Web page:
Textiles, like cinema, are visual and spatial texts that serve as a sequential record of time. Both mediums are intrinsically given to narrative and whether they are constructed frame by frame or stitch by stitch, they each tell stories through incremental and procedural processes. In this two-part lecture, I will first discuss how textiles and cinema inform one another through process, form, and narrative with a focus on historical and contemporary artists working within these points of connection. I will also give an introduction to my studio practice and talk about how these ideas have provided a framework for my own work. Ultimately, I hope to show that the value found in locating connections between these disparate fields is that it can be a generative source in expanding creative practices. I also hope to demonstrate the value and contributions that a craft-based framework can bring to the field of film and in giving us new ways to approach moving images.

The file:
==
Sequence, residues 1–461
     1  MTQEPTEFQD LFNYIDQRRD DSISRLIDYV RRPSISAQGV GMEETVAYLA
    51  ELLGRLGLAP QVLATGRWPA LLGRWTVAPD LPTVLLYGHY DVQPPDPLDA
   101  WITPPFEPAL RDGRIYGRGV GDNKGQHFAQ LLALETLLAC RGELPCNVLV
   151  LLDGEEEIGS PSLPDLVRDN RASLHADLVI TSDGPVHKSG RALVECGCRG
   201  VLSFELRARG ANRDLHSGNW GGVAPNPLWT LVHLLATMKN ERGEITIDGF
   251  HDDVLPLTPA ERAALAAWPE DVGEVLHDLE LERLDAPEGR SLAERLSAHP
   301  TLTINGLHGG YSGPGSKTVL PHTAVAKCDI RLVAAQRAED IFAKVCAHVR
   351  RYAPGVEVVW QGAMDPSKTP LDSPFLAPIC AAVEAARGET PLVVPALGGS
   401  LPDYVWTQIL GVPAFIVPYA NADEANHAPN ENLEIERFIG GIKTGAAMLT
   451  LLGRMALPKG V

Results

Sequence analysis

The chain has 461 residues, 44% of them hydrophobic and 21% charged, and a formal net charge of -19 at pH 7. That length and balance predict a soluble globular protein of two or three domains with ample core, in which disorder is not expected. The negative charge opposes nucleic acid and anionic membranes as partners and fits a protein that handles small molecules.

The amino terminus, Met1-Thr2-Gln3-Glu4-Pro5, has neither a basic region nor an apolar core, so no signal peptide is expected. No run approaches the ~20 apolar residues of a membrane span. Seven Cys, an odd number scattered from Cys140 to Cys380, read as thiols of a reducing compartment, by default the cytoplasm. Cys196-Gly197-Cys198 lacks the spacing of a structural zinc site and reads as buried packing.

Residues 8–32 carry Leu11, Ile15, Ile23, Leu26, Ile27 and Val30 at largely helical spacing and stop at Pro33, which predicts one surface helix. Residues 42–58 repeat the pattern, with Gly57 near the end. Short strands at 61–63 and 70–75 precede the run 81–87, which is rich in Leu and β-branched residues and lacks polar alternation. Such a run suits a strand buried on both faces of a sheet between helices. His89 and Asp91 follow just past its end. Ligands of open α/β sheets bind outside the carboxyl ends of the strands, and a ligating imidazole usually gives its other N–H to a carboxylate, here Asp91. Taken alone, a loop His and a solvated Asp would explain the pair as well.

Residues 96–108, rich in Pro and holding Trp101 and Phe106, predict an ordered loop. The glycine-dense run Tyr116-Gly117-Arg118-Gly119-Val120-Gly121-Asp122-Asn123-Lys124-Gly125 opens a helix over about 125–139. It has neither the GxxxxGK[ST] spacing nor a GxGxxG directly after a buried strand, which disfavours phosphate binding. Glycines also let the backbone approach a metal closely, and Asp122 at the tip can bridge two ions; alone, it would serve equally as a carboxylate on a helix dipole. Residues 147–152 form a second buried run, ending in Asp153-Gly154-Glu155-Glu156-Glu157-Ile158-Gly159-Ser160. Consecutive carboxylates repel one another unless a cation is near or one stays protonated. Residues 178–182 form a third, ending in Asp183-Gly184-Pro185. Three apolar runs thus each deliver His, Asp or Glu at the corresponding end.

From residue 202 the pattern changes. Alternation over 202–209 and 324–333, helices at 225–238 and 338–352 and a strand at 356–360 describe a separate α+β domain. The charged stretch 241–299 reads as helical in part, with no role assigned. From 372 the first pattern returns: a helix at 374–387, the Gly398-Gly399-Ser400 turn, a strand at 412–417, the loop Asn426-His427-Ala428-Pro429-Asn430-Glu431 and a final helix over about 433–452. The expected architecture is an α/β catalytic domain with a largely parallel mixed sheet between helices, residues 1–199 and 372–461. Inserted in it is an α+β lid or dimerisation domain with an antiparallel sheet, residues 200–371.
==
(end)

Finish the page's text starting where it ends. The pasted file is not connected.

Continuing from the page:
Kate Nartker works between animation and weaving to dismantle images, narratives, and material structures. She received an MFA from the California College of the Arts and is an Assistant Professor of Textile Design at North Carolina State University. Her work has been included in exhibitions throughout the United States and internationally, including The Museum of Craft and Design in San Francisco, The Contemporary Austin, and the Hordaland Art Center in Bergen, Norway. She was named a 2023 Fulbright U.S. Scholar and her writing has been published in the Journal of Textile Design Research and Practice, Research Journal of Textile and Apparel, and the Surface Design Journal.